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Burkert, N.
Psychological and Neurobiological Aspects of Eating Disorders - Brain Activity in Response to Different Taste Stimuli in Patients suffering from Anorexia Nervosa compared to Healthy Controls
Doktoratsstudium der Medizinischen Wissenschaft; Humanmedizin; [ Dissertation ] Graz Medical University; 2015. pp. [OPEN ACCESS]


Authors Med Uni Graz:
Burkert Nathalie
Freidl Wolfgang
Greimel Elfriede Renate
Stix Peter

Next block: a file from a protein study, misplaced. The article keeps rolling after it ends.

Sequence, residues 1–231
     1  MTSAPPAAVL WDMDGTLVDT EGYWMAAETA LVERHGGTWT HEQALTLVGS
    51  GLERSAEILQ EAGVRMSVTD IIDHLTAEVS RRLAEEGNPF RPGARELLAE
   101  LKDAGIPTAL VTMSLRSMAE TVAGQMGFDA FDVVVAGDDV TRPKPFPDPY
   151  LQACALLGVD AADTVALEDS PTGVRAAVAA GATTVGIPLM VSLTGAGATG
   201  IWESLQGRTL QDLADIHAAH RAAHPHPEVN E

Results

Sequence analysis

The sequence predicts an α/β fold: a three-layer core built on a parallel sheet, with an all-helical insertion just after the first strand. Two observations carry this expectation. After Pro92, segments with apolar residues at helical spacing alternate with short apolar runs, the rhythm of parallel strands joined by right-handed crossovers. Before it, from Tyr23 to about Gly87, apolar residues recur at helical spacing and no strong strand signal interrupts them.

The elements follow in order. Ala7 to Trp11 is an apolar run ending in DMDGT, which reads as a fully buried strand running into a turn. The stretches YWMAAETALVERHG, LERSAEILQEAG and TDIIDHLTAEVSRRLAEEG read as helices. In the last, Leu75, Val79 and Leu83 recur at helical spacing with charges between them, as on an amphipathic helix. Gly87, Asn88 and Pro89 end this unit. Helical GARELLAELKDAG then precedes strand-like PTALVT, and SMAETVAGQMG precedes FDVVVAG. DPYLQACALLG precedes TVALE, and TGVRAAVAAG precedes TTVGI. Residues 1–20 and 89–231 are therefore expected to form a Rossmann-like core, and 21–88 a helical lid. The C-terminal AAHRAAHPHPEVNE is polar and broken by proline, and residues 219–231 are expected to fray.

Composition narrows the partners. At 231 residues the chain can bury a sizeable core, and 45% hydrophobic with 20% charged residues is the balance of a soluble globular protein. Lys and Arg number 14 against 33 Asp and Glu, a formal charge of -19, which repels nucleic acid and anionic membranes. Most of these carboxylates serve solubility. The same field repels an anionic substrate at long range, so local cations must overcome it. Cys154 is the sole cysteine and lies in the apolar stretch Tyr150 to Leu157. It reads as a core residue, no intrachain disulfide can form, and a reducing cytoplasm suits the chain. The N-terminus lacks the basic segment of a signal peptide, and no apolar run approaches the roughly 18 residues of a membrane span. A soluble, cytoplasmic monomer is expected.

Eating disorders (EDs) are among the most widely spread and most severe mental diseases in Western countries. Individuals suffering from anorexia nervosa (AN) show an incredible loss of weight due to a restriction of food intake. Previous studies have evidenced a reduced volume in special cortical regions in individuals suffering from an ED. Additionally, functional alterations can be found in cortical regions in patients suffering from AN, which are implicated in the regulation of feeding behavior. So far, most studies concerning patients suffering from AN analyzed brain activity in response to a sweet taste. Therefore, the aim of this study was to analyze psychological factors which are associated with the disease, structural brain changes, possible alterations in brain activity in response to different tastes, as well as associations between the various factors. Twenty-one females who were currently suffering from AN, and 21 healthy age-matched control women (CW) were tested. Psychological aspects were measured with a questionnaire. Information regarding cortical volume was collected, together with imaging data from a 3 Tesla magnetic resonance scanner (MRI), while three different taste stimuli (sweet, sour, and umami) and a neutral solution were presented to the participants. Data concerning psychological aspects of the disease and regarding brain volumes were analyzed using (multivariate) analyses of variance (MANOVA). Correlations were calculated between the hippocampal volume and the volume of the amygdale with psychological aspects. Group differences due to the administration of a taste were analyzed using linear t-contrasts with the statistical software SPM. Additionally, differences in brain activity concerning the administration of the three different tastes in the significant regions were calculated by means of MANOVA and associations between the brain activity and psychological data were analyzed. The results of this study evidenced that patients with AN show specific personality characteristics. Many patients with AN suffer from the associated co-morbid disorders. Individuals with AN rated their subjective health worse and had a lower quality of life than the healthy controls. Additionally, the results of this study evidenced a deficiency in coping strategies as well as body image distortions in AN. Patients with AN showed a selective volume loss in special brain areas. The size of the hippocampus and amygdale was associated with psychological factors such as stress, and body image distortion. Moreover, the results of this study evidenced altered taste processing in brain areas such as the insula, and the anterior cingulated cortex. In addition to this, the results showed that taste processing is associated with psychological factors in AN. Up until now, hardly any information regarding physiological correlates of behavioral disorders was available because of the inaccessibility of the brain. Imaging methods can provide new insights into the structural and functional changes of the brain which – in addition to psychological, social and environmental interactions – might contribute to the development and/or maintenance of AN. Overall, the results of this study help to better understand the pathophysiology of the disease which can help to find a reasoned approach to its treatment.

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